The choice came under 24 hrs following a pivotal Republican senator, Susan Collins of Maine, declared her opposition towards the repeal proposal, basically making certain that Republican leaders could be lacking the votes they needed.

“We haven’t abandoned altering the American healthcare system,” Senator Mitch McConnell of Kentucky, most leader, stated following a lunchtime meeting of Republican senators. “We will not have the ability to do this now, however it still is coming up next people, so we haven’t abandoned that.”

The Run-Up

The podcast which makes sense of the very most delirious stretch from the 2016 campaign.

Mr. McConnell stated Republicans would proceed to their newest legislative goal: overhauling the tax code, a task that is not accomplished since 1986. Democrats, who’ve spent all year long fighting to safeguard the Affordable Care Act, legislation that’s a pillar of President Barack Obama’s legacy, responded by with the resumption of bipartisan negotiations to stabilize medical health insurance markets. Republican leaders had squelched individuals talks because the latest repeal plan, compiled by Senators Lindsey Graham of Sc and Bill Cassidy of Louisiana, acquired steam. “We hope we are able to move ahead and improve healthcare, not participate in another fight to consider it from people, simply because they will fail once more when they try,” stated Senator Chuck Schumer of recent You are able to, the Democratic leader.

The choice by Senate Republican leaders may end up being a milestone within the decades-lengthy fight over medical health insurance within the U . s . States, suggesting the Affordable Care Act had acquired a minimum of a reprieve and possibly a stride of political acceptance.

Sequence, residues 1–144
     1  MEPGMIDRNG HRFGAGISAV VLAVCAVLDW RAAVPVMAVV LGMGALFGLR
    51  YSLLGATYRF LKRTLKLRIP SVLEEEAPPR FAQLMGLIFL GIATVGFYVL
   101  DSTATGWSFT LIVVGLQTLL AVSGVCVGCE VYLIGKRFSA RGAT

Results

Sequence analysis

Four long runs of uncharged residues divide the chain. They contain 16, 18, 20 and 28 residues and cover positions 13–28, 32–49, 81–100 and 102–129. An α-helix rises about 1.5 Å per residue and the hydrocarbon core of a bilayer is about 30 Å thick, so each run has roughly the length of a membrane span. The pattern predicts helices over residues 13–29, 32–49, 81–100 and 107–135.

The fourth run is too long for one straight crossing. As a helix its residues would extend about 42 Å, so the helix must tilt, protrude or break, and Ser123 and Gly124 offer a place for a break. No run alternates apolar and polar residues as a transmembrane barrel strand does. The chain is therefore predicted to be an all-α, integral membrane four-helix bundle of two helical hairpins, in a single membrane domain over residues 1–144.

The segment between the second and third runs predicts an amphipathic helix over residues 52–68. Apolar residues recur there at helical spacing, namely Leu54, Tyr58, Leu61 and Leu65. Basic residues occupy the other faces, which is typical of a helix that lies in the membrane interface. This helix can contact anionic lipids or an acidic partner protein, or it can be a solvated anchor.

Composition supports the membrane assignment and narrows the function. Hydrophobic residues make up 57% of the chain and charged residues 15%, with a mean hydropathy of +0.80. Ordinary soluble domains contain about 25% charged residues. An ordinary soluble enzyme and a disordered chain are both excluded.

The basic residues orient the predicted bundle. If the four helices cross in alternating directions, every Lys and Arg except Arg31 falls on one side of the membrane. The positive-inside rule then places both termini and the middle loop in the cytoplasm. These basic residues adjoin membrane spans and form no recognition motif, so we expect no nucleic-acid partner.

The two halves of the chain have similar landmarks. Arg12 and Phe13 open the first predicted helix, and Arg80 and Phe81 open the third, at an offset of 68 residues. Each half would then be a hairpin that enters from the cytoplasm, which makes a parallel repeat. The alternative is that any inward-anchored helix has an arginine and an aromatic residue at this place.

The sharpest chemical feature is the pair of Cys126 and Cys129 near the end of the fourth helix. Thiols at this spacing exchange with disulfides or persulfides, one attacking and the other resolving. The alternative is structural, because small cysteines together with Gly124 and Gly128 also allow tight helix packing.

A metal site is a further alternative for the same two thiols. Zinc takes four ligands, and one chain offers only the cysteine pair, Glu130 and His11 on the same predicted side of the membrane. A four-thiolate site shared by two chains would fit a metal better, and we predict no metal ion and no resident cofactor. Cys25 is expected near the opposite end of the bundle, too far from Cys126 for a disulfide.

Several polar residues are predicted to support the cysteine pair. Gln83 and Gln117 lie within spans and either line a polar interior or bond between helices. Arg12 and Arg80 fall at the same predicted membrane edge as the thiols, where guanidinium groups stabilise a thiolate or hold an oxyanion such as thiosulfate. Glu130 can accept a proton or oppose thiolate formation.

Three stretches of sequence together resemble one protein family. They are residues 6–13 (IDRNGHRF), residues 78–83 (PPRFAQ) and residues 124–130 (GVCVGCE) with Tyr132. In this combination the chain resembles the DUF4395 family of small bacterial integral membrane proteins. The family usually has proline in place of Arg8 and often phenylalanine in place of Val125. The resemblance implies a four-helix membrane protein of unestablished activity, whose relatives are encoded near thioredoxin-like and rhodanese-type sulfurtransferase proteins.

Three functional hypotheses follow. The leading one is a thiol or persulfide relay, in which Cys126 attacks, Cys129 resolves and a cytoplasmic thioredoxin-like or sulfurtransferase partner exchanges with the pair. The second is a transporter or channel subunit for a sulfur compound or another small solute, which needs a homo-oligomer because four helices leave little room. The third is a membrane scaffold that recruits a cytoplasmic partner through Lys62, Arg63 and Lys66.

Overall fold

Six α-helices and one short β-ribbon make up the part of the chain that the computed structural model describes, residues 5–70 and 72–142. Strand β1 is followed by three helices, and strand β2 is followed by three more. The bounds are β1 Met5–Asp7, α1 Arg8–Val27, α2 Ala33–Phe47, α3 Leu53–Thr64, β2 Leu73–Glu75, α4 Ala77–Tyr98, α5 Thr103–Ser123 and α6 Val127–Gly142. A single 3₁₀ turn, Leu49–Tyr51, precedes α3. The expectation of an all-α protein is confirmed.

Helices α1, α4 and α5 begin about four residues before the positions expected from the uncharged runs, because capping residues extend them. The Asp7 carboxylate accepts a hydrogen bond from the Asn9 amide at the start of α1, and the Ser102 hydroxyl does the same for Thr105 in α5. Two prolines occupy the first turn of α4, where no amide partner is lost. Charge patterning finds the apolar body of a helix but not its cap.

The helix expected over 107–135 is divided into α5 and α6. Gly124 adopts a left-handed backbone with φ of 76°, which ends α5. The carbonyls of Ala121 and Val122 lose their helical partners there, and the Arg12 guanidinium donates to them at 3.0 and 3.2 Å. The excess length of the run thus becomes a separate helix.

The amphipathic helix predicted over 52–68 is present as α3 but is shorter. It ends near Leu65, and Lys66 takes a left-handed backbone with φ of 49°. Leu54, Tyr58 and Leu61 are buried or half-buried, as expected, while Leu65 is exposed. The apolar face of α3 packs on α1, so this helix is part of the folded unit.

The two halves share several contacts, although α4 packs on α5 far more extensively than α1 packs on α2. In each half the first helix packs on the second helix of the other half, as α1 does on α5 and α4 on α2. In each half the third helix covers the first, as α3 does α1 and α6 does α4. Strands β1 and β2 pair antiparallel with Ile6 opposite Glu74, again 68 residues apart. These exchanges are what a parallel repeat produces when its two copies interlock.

Senator Lamar Alexander, Republican of Tennessee and also the chairman…

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More Guns Do Not Stop More Crimes, Evidence Shows

After I pulled the trigger and recovered from the recoil, I slowly refocused my eyes on the target. There it was—a tiny but distinct circle next to the zombie’s eye, the first bullet hole I’d ever made. I looked down at the shaking Glock 19 in my hands. A swift and strong emotional transformation swept over me. In seconds, I went from feeling nervous, even terrified, to exhilarated and unassailable—and right then I understood why millions of Americans believe guns keep them safe.

I was standing in a shooting range 15 miles south of Kennesaw, Ga., a place known as “America’s Gun City” because of a law requiring residents to own firearms. It was day two of a four-day road trip I’d embarked on to investigate a controversial and popular claim made by the gun lobby: that more guns protect more people from crime.

Guns took more than 36,000 U.S. lives in 2015, and this and other alarming statistics have led many to ask whether our nation would be better off with firearms in fewer hands. Yet gun advocates argue exactly the opposite: that murders, crimes and mass shootings happen because there aren’t enough guns in enough places. Arming more people will make our country safer and more peaceful, they say, because criminals won’t cause trouble if they know they are surrounded by gun-toting good guys.

After all, since 1991, Americans have acquired 170 million new guns while murder rates have plummeted, according to the National Rifle Association of America (NRA). Donald Trump, when running for president, said of the 2015 shooting massacre in San Bernardino, Calif., that “if we had guns in California on the other side, where the bullets went in the different direction, you wouldn’t have 14 or 15 people dead right now.” Mike Watkins, a cop–turned–firearm instructor at the Kennesaw range, put it this way: “If I’m a bad guy, and I know this place has guns, it’s not a place I’m obviously going to want to go and do something bad.”

Gun City: Kennesaw, Ga., near Atlanta, has a law requiring citizens to own firearms (1). At the Governors Gun Club outside town, people practice shooting targets (2). Credit: Ben Rollins

Is there truth to this claim? An ideal experiment would be an interventional study in which scientists would track what happened for several years after guns were given to gun-free communities and everything else was kept the same. But alas, there are no gun-free U.S. communities, and the ethics of doing such a study are dubious. So instead scientists compare what happens to gun-toting people, in gun-dense regions, with what happens to people and places with few firearms. They also study whether crime victims are more or less likely to own guns than others, and they track what transpires when laws make it easier for people to carry guns or use them for self-defense.